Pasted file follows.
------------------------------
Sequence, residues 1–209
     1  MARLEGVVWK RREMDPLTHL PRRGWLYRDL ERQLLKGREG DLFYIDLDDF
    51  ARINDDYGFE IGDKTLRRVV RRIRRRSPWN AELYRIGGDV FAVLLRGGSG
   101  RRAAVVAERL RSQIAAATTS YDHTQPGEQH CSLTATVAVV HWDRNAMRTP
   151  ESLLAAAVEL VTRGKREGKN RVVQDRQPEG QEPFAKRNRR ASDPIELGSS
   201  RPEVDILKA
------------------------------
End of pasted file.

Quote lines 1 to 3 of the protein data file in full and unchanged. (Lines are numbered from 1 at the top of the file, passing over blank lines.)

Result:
Sequence, residues 1–209
     1  MARLEGVVWK RREMDPLTHL PRRGWLYRDL ERQLLKGREG DLFYIDLDDF
    51  ARINDDYGFE IGDKTLRRVV RRIRRRSPWN AELYRIGGDV FAVLLRGGSG